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Reply By: 3.0turbob - Friday, Mar 03, 2006 at 12:27

Friday, Mar 03, 2006 at 12:27
If you apply the factor of the co-efficient of drag of the vehicle at a given tyre pressure (remaining constant), opposed to the friction induced by the surface of the road at it's relative temperature and humidity, then include the barometric pressure of that time of the day, factor in the fuel flow rate, .... then the answer would be ..yes?

..................................................
sorry, should be in the friday funny section
Rob
AnswerID: 158331

Follow Up By: Scoey - Friday, Mar 03, 2006 at 12:39

Friday, Mar 03, 2006 at 12:39
Well exactly! All that goes without saying, plus it would depend greatly whether or not I was running a Fitch too! Great! This thread just lost all credibility! haha!
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Reply By: Dave Thomson - Friday, Mar 03, 2006 at 15:40

Friday, Mar 03, 2006 at 15:40
Scoey, the earth spins at 1000 miles an hour {24 hrs in a day 24000 miles an hour}
if you could travel at 25000 miles an hour, would you meet youself coming back ??? We both need to get out more I think,
regards,
Dave
By the way , why do they call flats apartments when they're all together ???
AnswerID: 158365

Follow Up By: Scoey - Friday, Mar 03, 2006 at 16:26

Friday, Mar 03, 2006 at 16:26
Easy Dave, of course you would meet yourself coming back! ;-) Nice one but! ;-) Hey, you might know.... Where do you suppose ants have room for their insides?? Oh and the one that people seem to have heaps of trouble with about how long thier piece of string is? It's twice, half it's length! ;-)
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Follow Up By: D-Jack - Friday, Mar 03, 2006 at 18:04

Friday, Mar 03, 2006 at 18:04
I'm currently working on a philosophy that we are all just brains sitting in jars on a shelf thinking that all this is happening, sure we feel the body hurting, but could it be some kind of trick the brain is playing to make us believe we have bodies???????????????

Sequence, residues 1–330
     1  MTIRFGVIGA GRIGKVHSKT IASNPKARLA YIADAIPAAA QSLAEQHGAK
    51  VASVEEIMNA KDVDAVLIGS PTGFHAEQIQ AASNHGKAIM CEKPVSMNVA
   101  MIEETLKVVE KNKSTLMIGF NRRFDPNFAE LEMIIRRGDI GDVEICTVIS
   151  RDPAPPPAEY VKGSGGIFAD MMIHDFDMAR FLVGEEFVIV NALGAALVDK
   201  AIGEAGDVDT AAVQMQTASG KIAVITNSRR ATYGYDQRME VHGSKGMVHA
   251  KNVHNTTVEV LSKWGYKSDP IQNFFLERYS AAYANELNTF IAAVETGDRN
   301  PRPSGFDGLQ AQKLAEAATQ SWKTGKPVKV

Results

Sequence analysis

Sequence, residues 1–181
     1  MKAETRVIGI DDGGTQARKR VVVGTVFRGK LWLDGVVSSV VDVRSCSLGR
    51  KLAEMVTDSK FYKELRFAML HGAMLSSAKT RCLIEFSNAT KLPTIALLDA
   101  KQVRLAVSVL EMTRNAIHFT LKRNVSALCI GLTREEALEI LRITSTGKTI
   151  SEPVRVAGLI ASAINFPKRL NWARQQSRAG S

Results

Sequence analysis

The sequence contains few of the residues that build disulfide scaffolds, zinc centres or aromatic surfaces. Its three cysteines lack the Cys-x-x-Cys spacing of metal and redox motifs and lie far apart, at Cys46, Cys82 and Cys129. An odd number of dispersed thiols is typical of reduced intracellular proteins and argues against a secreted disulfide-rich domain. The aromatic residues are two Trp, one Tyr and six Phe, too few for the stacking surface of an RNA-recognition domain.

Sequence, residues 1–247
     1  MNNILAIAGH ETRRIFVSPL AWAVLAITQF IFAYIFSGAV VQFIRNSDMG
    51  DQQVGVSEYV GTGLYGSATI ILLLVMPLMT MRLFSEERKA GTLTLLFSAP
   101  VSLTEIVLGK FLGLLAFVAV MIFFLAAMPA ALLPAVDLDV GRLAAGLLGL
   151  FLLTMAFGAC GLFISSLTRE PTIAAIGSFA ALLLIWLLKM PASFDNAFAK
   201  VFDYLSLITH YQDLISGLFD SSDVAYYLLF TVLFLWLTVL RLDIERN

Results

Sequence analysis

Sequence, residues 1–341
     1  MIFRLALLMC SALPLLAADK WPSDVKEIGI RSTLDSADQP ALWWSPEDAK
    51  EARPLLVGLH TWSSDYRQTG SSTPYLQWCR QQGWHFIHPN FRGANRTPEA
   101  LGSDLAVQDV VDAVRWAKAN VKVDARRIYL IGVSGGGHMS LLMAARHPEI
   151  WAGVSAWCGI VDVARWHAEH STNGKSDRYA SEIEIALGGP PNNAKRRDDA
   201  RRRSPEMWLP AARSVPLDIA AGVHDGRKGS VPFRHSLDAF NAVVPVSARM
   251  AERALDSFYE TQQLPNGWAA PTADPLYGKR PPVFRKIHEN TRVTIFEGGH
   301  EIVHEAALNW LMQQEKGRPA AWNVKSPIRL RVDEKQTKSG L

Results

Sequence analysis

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Reply By: F4Phantom - Friday, Mar 03, 2006 at 21:59

Friday, Mar 03, 2006 at 21:59
In a petrol engine if you use engine braking down a hill no matter what the RPM the engine uses ZERO fuel. The butterfly valves are shut and so do the spark plugs, I am actually not sure if the fuel is cut off but it must although I cant see how it would be. Anyway, this is a situation where the engine is under no load, the rpm is high and it uses no fuel. If you reverse this, it's simple, engine under load uses more fuel, more load more fuel. And as already stated about throttle positions add to that computer intervention, my car is sluggish in economy and way faster in sport mode.
AnswerID: 158410

Follow Up By: Mike DiD - Saturday, Mar 04, 2006 at 11:35

Saturday, Mar 04, 2006 at 11:35
In a fuel-injected vehicle, the Injectors remain shutoff if coasting and the RPM is well above idle. i.e. you only use fuel to provide power or to keep the engine idling.

Mike
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Reply By: Gerhardp1 - Saturday, Mar 04, 2006 at 10:45

Saturday, Mar 04, 2006 at 10:45
I have recently got one of these and it answers all these questions.

www.scanguage.com
AnswerID: 158504

Reply By: Member - Collyn R (WA) - Saturday, Mar 04, 2006 at 15:25

Saturday, Mar 04, 2006 at 15:25
Quick response.

For both petrol and diesel, consumption will be less whilst idling because consumption is related to work being performed. And whilst idling the only load is internal friction, drive belt and fan losses etc. Once the vehicle is moving friction, rolling and wind loads add to the load on the engine - and more fuel in burned.

Whilst idling however a petrol engine is 'throttled down'. That its cylinders are only partially filled with air - and thus its 'effective' compression ratio is reduced. This reduces efficiency and thus increases consumption.

A diesel engine however full cylinder-loads of air almost regardless of speed an/or load. Its effective compression is thus much the same as its nominal compression (of 18:1 - 22:1) throughout most its rev range. This enables its to to run closer to optimum efficiency.

This is part of the reason why diesels are so much more efficient in heavy traffic and whilst slowing traversing dirt tracks etc.
Collyn Rivers

AnswerID: 158559